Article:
Hierarchical models, semantic contexts, compositionality, taxonomy of visual categories, visual event ontology, stochastic graph matching, and bottom-up/top-down inference are popular research topics in computer vision and pattern recognition. They can be viewed as different aspects of stochastic image grammars. The virtue of image grammars lies in their expressive power to represent an exponentially large number of object and event configurations by using a relatively much smaller vocabulary and a few compositional rules. In addition to objects and events, various semantic contexts can be associated with all levels of hierarchical descriptions in grammars, facilitating rich image interpretations.

After lying nearly dormant for a quarter of a century, stochastic image grammars are resurging as a common framework for studying diverse vision problems. This is, in part, thanks to recent advances in modeling, learning, and inference techniques. It seems, however, that the renewed interest in image grammars often ignores the problem formulations and solutions of earlier work. Also, old solutions to fundamental questions (e.g., "what is a visual word", "what are object/event parts", and "what is a visual context") are too often taken for granted by the new generation of researchers. In addition, this renaissance of image grammars seems to be a result of individual team efforts, rather than a collaborative study toward a unifying theory. Therefore, we believe that the timing is right to organize SIG-09, aimed at:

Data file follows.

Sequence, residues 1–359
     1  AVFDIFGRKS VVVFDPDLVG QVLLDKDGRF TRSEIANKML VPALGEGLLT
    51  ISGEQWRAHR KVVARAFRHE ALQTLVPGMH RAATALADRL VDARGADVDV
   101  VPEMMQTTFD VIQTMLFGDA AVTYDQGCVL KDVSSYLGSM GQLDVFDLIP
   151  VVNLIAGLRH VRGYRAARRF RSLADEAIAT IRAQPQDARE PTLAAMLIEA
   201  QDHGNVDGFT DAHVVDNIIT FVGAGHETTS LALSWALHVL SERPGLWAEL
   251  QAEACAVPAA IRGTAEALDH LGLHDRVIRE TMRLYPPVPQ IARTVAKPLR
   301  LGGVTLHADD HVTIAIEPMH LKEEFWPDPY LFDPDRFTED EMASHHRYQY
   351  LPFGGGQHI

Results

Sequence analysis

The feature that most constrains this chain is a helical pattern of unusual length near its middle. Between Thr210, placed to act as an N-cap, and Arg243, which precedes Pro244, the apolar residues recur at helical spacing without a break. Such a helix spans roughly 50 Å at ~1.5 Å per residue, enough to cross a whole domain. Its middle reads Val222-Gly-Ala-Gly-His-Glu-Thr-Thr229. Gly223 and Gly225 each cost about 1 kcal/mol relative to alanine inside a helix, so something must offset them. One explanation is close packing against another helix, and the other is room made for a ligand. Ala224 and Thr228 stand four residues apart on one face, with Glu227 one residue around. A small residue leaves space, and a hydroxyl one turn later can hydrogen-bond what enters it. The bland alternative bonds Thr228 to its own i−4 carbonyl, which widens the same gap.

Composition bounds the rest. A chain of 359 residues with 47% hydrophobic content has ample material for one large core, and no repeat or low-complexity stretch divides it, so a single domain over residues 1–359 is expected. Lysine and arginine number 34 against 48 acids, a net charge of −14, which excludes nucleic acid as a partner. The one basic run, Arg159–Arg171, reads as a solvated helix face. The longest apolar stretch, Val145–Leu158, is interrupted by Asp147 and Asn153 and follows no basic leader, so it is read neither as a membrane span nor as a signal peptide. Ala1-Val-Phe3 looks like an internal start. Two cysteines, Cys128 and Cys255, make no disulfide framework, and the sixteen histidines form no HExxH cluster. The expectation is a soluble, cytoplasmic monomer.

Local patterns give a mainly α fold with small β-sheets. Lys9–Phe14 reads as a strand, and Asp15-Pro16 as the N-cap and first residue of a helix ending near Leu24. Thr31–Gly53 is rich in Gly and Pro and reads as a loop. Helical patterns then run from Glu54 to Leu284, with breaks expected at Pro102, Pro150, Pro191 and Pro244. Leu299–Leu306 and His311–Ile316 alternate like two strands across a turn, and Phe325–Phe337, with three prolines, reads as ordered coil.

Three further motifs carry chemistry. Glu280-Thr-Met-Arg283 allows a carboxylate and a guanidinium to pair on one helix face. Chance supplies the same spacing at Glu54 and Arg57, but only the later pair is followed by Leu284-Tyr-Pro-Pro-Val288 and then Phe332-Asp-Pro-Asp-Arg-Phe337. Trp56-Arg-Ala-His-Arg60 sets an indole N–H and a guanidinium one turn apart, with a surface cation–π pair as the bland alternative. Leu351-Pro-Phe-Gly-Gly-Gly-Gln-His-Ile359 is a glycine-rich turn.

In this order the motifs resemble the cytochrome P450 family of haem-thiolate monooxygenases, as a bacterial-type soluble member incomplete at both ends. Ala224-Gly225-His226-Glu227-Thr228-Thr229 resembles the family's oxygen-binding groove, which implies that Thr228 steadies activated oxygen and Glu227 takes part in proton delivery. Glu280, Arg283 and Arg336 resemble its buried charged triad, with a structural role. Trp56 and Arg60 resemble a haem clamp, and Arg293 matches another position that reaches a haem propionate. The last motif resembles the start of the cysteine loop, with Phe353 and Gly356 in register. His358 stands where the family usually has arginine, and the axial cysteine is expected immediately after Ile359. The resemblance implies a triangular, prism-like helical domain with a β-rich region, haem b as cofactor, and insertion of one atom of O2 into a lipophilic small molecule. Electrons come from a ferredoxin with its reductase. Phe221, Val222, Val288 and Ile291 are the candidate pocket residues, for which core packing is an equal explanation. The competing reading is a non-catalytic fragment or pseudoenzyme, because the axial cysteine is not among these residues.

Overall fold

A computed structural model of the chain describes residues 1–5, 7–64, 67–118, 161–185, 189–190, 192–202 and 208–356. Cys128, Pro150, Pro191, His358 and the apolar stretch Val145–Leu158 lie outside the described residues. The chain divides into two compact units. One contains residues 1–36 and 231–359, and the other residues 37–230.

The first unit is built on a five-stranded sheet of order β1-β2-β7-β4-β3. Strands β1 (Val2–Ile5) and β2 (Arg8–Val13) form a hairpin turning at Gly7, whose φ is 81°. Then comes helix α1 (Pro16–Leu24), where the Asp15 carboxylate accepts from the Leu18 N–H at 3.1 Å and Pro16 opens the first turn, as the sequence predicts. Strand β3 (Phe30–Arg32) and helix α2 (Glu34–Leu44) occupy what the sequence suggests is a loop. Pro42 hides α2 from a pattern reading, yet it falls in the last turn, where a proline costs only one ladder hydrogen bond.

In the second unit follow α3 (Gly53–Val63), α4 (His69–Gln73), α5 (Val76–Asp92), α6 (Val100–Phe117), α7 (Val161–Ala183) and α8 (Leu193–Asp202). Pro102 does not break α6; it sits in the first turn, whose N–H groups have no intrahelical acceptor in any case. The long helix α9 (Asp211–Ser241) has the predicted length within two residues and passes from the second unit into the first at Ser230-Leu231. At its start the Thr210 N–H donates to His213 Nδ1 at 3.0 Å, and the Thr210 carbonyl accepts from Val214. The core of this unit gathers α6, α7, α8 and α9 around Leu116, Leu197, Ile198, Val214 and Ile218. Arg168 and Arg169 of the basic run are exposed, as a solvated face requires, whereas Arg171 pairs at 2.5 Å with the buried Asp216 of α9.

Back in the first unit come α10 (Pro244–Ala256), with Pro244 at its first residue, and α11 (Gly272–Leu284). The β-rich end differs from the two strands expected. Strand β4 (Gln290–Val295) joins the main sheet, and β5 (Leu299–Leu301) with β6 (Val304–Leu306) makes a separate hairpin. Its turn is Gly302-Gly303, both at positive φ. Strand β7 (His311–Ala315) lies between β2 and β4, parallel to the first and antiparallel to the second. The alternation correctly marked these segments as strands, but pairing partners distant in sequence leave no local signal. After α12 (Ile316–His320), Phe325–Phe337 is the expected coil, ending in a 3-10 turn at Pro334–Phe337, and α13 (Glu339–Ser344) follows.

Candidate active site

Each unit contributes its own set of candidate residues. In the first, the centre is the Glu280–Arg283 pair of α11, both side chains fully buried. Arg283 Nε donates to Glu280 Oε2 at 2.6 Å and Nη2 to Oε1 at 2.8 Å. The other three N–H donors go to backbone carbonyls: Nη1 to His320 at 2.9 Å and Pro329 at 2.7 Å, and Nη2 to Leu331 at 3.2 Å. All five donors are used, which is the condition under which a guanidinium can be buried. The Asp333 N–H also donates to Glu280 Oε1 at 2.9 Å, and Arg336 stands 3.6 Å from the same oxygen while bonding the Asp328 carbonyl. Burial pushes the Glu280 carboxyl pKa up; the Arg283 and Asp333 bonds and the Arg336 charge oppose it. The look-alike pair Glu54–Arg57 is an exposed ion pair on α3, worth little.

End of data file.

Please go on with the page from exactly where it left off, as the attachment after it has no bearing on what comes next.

• Illuminating directions for future research,
  • Reducing the historical disconnect from early work, and
  • Bringing together researchers from different subcommunities and thus increasing the interdisciplinary awareness and collaboration.

The major theme of SIG-09 will be to identify challenges facing the work toward a unifying theoretical foundation of stochastic image grammars. This unification is twofold, and concerns formulating a grammar that would:

  • Jointly address vision problems that are traditionally viewed as distinct and thus solved separately (e.g., object segmentation and activity recognition), and
  • Encompass mathematical theories and techniques traditionally viewed as distinct and used by different subcommunities (e.g., harmonic analysis, Bayesian inference, sparse coding, Markov random fields, graphical models, etc.).